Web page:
While I am looking forward to the biennial L.M. Montgomery Conference in June here in PEI, and while ISRLC in Europe is pretty cool (Uppsala, SE) and I can’t wait to get to my next Mythcon (2018 is Atlanta, GA) or attend my first Mythmoot (2018 in Leesburg, VA), my absolute favourite conference for building a community of scholarship is the C.S. Lewis & Friends Colloquium, also known as the “Taylor conference.” You should go–and if you are working in academics or applied pastoral work in the Inklings, you should consider submitting a paper proposal.
Granted, some of my love for this conference is that this is where I launched my work in Inklings studies. In 2012, I presented a paper on teaching The Screwtape Letters, and I wasn’t thrown out or shown to be the fraud I secretly am. In 2016 I presented my “Cosmic Find in The Screwtape Letters” work with a paper entitled, “When Screwtape Haunts in Eden” (and I’m preparing that paper for publication next year). This year we have some exciting work coming up on C.S. Lewis’ unfinished teen novel, The Quest of Bleheris. Stay tuned for more.
What makes the Taylor conference so worth attending is that it intentionally creates a space for the development of emerging scholars while retaining a place for senior academics to test out ideas. You can see that in past schedules, but perhaps the best barometer of this kind of culture is that the keynote speakers often stick around for the conference, and you can see senior scholars walking with the younger ones. No doubt there are cabals of experienced professors with heads titled together in dialogue about some new idea or concern. But the generosity of spirit of the veterans is such a critical feature at Taylor.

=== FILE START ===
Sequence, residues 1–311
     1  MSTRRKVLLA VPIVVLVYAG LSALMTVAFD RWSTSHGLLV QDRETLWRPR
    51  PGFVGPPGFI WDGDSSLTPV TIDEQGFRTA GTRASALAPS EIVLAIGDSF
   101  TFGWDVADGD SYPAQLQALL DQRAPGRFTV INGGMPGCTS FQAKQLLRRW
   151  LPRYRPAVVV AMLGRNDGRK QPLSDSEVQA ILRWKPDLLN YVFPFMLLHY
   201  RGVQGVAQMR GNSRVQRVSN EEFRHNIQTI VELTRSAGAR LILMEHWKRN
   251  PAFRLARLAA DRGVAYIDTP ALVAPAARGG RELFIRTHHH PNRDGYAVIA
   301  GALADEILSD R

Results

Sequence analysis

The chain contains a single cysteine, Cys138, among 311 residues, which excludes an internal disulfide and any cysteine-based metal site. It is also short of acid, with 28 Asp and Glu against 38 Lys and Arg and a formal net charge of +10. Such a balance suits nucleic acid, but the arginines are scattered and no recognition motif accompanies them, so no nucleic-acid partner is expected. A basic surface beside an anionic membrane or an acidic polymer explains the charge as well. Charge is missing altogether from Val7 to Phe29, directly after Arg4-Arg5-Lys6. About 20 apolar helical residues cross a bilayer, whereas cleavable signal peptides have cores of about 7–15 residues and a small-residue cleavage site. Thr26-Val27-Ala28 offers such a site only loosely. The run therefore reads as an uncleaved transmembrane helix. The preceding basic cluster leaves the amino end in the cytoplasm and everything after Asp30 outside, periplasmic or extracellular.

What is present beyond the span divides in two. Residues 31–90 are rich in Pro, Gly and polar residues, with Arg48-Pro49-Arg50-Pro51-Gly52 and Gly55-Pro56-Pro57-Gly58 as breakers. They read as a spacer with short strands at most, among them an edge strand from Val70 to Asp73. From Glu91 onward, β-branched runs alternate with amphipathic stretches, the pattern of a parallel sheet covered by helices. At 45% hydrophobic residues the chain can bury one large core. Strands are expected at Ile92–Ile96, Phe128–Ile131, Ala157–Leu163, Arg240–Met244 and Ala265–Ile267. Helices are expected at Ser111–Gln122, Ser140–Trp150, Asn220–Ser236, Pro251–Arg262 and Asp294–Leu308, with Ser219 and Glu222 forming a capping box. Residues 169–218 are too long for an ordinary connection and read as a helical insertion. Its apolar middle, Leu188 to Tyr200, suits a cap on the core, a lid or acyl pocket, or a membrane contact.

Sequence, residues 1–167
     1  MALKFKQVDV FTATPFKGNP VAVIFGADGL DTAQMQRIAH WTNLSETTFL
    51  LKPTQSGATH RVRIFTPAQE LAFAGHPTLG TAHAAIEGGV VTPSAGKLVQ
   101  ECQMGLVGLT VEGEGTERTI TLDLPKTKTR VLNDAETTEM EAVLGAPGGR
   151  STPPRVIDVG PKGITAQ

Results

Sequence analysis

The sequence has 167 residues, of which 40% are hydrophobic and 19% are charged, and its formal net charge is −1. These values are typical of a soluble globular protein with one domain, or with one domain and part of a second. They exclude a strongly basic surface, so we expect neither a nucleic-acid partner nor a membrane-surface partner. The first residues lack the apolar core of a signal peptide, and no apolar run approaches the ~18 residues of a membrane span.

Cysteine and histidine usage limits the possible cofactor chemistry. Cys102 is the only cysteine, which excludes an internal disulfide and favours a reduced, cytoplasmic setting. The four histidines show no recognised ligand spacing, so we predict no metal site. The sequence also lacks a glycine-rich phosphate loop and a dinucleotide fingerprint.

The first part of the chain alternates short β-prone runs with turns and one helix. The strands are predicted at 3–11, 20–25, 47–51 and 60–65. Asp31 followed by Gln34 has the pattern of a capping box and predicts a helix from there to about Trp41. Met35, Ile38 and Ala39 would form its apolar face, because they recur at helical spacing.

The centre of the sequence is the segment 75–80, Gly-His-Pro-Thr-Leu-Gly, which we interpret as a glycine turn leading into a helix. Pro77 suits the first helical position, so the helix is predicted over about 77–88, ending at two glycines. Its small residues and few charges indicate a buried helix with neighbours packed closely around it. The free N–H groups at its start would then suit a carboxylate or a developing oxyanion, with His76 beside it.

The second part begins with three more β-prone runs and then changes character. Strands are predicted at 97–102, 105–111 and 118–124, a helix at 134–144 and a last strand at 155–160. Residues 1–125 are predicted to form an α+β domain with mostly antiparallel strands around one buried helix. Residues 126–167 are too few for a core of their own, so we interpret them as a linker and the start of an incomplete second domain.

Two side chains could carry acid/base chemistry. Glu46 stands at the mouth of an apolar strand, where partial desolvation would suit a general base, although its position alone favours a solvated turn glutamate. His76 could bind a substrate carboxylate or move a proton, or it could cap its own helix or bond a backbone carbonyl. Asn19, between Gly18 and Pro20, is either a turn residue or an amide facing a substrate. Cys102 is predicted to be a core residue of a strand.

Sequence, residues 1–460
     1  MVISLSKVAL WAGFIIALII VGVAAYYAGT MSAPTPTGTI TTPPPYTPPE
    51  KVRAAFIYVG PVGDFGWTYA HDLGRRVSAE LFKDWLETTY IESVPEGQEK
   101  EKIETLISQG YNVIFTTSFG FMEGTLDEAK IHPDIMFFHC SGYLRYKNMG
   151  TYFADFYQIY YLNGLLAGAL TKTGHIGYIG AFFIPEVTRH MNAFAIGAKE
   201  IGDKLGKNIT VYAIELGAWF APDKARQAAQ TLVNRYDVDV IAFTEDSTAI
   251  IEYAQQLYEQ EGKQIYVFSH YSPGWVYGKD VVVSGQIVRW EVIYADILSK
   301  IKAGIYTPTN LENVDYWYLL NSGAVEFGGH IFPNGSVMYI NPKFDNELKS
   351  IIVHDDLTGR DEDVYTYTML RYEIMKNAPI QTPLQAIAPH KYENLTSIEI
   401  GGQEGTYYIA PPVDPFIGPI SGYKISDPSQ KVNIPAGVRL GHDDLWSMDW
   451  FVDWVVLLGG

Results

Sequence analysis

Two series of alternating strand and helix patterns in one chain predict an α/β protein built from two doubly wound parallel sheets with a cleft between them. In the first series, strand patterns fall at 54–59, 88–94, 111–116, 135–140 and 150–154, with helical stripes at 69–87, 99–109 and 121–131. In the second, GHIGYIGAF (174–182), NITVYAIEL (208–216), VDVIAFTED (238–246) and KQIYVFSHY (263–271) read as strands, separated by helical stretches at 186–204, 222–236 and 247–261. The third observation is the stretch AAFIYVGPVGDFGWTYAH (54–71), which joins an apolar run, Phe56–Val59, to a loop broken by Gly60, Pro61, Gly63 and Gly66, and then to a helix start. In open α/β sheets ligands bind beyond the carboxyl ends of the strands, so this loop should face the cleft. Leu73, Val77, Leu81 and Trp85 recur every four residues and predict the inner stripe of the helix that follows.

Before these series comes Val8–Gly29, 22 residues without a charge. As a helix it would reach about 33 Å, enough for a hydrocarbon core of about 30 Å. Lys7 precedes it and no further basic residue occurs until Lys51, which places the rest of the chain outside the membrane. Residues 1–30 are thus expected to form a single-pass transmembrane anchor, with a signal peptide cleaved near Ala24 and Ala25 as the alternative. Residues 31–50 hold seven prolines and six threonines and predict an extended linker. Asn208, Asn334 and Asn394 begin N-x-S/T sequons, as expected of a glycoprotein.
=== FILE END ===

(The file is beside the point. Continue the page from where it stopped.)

Plus, the stiff-chinned need to call these sorts of things “academic conferences” interferes not at all with the open space given to art, music, friendship, and worship.
This year’s theme is “The Faithful Imagination,” and includes a stellar cast of keynote speakers, including Stephen Prickett (student of C.S. Lewis and Geo. MacDonald scholar), Crystal Downing (new co-director of the Wade centre), Ron Reed (from Vancouver’s Pacific Theatre), D. S. Martin (a Canadian poet), Joe Christopher (Lewis veteran and occasional haunter of this site), Crystal Hurd (scholar of leadership and leading historian about Lewis’ parents and child life), and Charlie Starr (of Lewis Handwriting Chart fame). ‘Twill be awesome. And, by the way, because it is good to honour the past, the C.S. Lewis & Friends Colloquium is perhaps more officially called the 11th biennial Frances White Ewbank Colloquium of the Center for the Study of C. S. Lewis & Friends at Taylor University. Taylor also hosts one of the more important American archives for C.S. Lewis, George MacDonald, and others (see here for more on the Edwin Brown collection at Taylor).
Call for Paper Submissions (link here)
We invite paper proposals on any topic related to C. S. Lewis and Friends (broadly defined)–Owen Barfield, G. K. Chesterton, George MacDonald, Dorothy L. Sayers, J.R.R. Tolkien, Charles Williams, and others. We especially encourage papers and presentations that respond to the conference theme of “The Faithful Imagination,” that respond to papers from previous colloquiua, that expand the circle of “friends,” and that are the work of new scholars. Proposals should be 100-200 words in length and should anticipate a twenty-minute presentation time limit.
We also invite creative work—poetry, fiction, essay, drama, film, visual art, musical composition, etc. —that responds to or is influenced by these same authors. Creative submissions should be a complete work, rather than a proposal. Please include your name, contact information, and a brief biography.
Deadline for proposals is March 31, 2018. Please submit proposals by email, directly to the Lewis Center at email@example.com.
The best way to be aware of colloquium news and updates is to bookmark this site. Additional information, revisions, and updates will be posted regularly between now and May 31. You should also follow The Center for the Study of C. S. Lewis and Friends on Facebook.
Taylor Conference Podcast at All About Jack
This podcast here is an interview with Dr. Joseph Ricke, who heads up by The Center for the Study of C.S. Lewis & Friends at Taylor University. It is sponsoring the 11th Frances W. Ewbank Colloquium, May 31st – June 3rd, 2018. The C.S. Lewis and Inklings Society is joining in on this event.